9. Can you tell us a few humorous or most interesting anecdotes from your years on the festival circuit?

Shocker by Wes Craven in Avoriaz : we built a high security area mock up (our office in Avoriaz) on the resort hot spot, in the snow… with a fake electric chair. Here pictured the director Wes Craven and his producer Marianne Maddalena. We strapped people, friends the jury, the director…on that chair and filmed It featured lights, sound, flashes… AND at the very end of the routine a vibration in the seat, in the bottom… which transformed the smile into a rictus for a while.

Field of Dreams in Deauville - The projector’s bulb breaks during the opening credits at the gala screening (oops). I take the director to the Casino, and he puts one coin in the slot machine and wins a lot! The next day I took him to play golf and after a five minute laughing fit, and so many air shots, he was still happy.

Boyz n the Hood in Cannes - John Singleton, straight off a plane from South Central LA, facing a burger at the Carlton’s restaurant that looked sooooo different from his every day McDonald’s burger. I ll always remember his disappointed face.

Cliffhanger in Cannes, AMFAR Gala – A Monaco mogul lends his 30-meter powerboat, with its two Lamborghini engines, 1000 horsepower each… I ask Sly, “do you want to try it?” The next day in my office at the Carlton, I receive a phone call from the Port Authorities, who tell me “you've been caught speeding 45knots (vs. 5)” Anyway, climbers coming down the facade of the Palais, fake snow, Eye of the Tiger playing during the red carpet… long story short, in the end , Sly commented, “Best day of my life.”

Bad Boys in Cannes party - Will Smith rapped (well) and Diana King performed Shy Guy. I was asked “How come I have strippers in the green room ?” Answer, “because we have hired pole dancers.” I had organized a draw to win a Porsche to drive during the festival, and the winner wanted to keep it afterwards. Don Simpson and Jerry Bruckheimer sit at our VIP table, in front a kilo of sugar on a mirror to look like cocaine, with bodyguards all around. My future Fox boss Jim Gianopulos approaches and the head of Sony tells him you can’t sit here, it’s a VIP table. Jim takes me on the side and says, “Bruno, next year make sure you do THIS for me too when you work for me.”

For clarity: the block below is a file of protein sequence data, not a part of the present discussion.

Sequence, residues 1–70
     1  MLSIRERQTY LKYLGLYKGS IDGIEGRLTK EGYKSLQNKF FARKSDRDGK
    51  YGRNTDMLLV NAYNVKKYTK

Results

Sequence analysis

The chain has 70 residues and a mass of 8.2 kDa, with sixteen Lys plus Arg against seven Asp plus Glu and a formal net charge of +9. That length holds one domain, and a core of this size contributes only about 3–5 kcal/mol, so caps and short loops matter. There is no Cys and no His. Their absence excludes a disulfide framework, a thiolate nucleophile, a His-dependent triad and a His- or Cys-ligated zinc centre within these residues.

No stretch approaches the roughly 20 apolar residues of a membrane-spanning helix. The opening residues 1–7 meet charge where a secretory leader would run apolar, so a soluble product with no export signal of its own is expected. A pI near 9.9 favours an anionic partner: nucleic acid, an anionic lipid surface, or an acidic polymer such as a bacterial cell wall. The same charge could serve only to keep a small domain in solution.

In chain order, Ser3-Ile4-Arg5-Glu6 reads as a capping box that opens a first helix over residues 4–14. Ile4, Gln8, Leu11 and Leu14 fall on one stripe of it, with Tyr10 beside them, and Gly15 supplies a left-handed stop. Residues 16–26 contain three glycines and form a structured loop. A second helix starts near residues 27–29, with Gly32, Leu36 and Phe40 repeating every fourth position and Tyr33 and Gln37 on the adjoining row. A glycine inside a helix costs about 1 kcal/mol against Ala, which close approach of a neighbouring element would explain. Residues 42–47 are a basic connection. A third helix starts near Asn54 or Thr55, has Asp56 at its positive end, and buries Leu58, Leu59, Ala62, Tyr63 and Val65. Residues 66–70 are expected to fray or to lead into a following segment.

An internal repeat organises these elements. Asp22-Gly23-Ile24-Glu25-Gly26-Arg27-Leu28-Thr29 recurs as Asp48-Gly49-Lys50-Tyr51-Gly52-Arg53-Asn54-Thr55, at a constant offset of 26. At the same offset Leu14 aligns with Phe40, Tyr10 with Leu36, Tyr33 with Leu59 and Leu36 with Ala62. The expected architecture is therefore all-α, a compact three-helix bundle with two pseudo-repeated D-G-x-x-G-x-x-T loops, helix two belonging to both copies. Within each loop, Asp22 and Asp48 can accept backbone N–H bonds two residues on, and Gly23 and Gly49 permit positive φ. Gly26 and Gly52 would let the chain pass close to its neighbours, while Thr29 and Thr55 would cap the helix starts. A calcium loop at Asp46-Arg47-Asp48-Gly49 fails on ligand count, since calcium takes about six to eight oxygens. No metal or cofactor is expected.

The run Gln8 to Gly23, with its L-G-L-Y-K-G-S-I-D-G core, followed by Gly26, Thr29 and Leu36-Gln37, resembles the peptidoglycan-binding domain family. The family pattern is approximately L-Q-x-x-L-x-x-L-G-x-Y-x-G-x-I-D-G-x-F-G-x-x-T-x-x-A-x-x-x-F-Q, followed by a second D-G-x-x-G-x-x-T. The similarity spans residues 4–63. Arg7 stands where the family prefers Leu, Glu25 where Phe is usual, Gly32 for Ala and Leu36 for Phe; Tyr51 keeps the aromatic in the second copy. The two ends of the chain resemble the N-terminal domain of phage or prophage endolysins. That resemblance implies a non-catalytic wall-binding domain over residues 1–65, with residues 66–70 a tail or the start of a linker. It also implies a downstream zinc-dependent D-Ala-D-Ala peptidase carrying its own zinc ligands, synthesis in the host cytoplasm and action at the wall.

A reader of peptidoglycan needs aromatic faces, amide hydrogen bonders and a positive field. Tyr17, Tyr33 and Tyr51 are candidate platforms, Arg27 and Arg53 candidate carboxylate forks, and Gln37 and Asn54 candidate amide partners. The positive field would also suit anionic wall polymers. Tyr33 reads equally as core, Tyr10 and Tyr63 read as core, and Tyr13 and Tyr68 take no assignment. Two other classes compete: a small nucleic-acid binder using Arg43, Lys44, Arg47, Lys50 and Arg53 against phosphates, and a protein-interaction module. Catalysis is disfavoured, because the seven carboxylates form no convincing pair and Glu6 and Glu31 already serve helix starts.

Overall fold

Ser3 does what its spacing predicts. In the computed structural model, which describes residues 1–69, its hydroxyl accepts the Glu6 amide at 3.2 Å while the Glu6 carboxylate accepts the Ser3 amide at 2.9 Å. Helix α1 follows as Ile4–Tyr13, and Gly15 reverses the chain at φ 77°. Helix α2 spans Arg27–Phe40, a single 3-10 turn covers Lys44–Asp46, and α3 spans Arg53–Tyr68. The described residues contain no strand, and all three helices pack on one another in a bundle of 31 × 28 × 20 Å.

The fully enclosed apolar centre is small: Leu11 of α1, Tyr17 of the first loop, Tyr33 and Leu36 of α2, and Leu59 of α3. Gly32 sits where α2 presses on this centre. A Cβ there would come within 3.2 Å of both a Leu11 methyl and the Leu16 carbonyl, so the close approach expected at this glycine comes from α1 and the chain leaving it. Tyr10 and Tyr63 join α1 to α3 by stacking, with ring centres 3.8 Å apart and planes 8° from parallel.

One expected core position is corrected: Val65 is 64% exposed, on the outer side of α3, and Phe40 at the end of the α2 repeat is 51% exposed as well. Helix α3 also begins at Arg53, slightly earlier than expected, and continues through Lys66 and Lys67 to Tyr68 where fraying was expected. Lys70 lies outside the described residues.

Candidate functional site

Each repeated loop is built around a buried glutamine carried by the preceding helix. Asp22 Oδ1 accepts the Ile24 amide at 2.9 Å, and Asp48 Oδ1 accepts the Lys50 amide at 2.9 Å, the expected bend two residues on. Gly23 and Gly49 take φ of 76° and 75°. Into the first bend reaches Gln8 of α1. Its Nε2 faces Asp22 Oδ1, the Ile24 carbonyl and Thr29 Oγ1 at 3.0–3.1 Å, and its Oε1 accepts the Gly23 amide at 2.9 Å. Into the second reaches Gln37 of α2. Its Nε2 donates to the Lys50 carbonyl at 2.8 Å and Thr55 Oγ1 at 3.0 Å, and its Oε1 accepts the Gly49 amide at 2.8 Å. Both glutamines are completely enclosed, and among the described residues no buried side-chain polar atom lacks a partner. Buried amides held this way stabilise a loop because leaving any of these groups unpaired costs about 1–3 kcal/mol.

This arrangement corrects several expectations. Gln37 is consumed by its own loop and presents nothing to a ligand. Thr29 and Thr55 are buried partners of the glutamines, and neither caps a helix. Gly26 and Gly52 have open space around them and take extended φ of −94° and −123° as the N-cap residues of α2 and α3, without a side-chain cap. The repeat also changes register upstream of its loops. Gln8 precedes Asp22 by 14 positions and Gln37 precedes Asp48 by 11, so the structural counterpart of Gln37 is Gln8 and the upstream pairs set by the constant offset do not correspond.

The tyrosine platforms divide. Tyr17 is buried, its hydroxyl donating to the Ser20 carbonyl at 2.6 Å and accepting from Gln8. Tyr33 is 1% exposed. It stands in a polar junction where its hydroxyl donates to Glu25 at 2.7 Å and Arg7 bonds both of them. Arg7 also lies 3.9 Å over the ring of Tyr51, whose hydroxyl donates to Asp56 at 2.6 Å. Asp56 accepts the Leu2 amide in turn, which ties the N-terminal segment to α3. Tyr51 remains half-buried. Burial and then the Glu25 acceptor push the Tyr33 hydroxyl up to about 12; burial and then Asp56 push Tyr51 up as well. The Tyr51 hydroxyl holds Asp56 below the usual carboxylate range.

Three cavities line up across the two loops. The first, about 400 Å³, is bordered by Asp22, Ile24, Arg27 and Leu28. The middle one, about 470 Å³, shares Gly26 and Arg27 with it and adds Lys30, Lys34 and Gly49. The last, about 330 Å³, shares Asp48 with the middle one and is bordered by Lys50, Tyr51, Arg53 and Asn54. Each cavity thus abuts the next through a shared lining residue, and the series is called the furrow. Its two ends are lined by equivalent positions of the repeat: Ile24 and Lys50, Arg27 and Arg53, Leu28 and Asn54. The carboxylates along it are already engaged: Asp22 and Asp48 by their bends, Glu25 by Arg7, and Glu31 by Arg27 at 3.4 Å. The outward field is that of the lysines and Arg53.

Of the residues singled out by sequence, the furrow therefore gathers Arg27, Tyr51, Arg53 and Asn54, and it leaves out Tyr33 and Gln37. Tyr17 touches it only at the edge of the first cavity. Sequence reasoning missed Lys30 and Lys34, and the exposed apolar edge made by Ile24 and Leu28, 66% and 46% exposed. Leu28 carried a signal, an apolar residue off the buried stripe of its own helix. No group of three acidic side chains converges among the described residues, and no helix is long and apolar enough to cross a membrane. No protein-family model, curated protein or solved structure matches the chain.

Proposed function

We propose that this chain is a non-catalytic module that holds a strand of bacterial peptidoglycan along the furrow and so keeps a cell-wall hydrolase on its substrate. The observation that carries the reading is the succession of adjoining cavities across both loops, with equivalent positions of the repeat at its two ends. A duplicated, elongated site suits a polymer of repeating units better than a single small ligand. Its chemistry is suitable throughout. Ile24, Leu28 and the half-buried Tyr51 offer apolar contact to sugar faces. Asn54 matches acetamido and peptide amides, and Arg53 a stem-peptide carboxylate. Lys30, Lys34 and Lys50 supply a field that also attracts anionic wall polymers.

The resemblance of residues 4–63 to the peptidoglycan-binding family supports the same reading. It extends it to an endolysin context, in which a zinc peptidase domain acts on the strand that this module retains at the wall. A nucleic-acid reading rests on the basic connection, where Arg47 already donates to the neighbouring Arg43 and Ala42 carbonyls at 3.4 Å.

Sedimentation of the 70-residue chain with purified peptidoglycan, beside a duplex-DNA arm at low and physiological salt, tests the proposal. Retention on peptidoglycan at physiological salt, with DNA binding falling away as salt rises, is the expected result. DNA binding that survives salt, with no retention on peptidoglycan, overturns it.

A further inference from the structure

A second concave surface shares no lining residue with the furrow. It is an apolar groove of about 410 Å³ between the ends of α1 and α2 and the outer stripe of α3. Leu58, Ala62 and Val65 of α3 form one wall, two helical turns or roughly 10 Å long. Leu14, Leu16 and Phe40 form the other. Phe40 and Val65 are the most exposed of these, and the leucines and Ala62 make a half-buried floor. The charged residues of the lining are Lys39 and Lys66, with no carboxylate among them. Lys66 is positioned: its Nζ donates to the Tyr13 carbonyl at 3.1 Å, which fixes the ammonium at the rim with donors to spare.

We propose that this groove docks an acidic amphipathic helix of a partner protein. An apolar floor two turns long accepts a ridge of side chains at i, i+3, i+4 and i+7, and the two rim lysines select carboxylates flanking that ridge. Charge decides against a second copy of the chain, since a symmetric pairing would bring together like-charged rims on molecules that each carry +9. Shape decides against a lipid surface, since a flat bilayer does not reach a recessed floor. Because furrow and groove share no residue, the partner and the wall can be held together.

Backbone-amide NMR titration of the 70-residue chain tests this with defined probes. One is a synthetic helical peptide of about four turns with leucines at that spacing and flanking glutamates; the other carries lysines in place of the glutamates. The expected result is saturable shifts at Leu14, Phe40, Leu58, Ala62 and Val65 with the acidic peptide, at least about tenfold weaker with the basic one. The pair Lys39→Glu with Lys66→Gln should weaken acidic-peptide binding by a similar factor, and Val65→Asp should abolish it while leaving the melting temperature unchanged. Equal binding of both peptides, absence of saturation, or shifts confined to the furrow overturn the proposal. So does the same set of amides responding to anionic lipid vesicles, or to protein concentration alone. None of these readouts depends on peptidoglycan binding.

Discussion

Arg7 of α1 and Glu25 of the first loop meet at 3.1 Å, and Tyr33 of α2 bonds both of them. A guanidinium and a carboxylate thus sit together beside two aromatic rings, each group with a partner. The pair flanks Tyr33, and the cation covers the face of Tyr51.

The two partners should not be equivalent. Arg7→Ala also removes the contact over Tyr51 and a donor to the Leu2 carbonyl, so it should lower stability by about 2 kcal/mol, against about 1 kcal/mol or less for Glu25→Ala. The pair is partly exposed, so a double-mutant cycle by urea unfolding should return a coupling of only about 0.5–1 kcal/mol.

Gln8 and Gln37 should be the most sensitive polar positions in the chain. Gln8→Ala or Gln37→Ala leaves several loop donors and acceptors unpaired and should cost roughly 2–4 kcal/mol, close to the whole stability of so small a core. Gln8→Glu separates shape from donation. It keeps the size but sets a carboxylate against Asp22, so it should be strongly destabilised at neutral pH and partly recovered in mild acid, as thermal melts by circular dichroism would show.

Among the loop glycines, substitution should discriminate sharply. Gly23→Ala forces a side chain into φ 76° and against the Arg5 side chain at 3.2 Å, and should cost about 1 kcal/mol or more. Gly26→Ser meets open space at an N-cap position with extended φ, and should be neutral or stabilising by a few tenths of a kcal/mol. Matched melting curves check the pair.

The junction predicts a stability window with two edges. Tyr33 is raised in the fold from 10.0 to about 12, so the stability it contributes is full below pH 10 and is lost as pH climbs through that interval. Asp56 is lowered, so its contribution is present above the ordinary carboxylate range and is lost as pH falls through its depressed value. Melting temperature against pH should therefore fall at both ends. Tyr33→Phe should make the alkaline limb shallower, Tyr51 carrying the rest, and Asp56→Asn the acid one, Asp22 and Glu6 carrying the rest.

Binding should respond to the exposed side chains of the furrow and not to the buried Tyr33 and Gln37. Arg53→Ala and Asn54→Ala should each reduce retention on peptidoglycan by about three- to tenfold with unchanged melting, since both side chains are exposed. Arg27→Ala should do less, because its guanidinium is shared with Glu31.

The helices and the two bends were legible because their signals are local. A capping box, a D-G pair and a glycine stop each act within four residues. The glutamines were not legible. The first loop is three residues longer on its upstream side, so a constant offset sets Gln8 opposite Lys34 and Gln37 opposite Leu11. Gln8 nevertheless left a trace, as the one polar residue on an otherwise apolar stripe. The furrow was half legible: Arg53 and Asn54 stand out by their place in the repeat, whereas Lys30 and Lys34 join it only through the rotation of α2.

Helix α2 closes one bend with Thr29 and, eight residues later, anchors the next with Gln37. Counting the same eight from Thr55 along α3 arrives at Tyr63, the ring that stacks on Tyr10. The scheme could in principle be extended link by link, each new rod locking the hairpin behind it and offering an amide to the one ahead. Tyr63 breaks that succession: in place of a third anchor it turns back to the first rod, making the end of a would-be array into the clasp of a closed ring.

Sleepless in Seattle in Deauville - We used Nora Ephron’s tiramisu recipe for the dessert at our gala dinner : big success.We organized a promotion campaign “to win a bed or a trip to Seattle.” The winner’s name was Chatelain, not Chatelin, thank goodness not arelative !.

Lawrence of Arabia in Cannes - The film was shot in 1961. For the 1989 Cannes presentation we obtained permission to screen the film as a pre-opening selection on a Tuesday vs. a Wednesday. In return, we had to host a very exclusive gala dinner. It was much fun organizing that dinner at the Majestic with waiters dressed in djellabahs, sand on the red carpet, exquisite 1961 Bordeaux wines (Ducru Beaucaillou), vintage 61 Mercedes flagged “Lawrence II” and Omar Sharif during the intermission in the Palais asks, “Can I get a whisky?”

10. Any thoughts on which films might be shortlisted for the 2020 Oscars?

It is not really my cup of tea to make predictions. I had once put bets on The Artist but that’s quite rare and was also a bit French chauvinism on my side.

Let me think … The Joker, and best actor goes to ...Joaqin Phoenix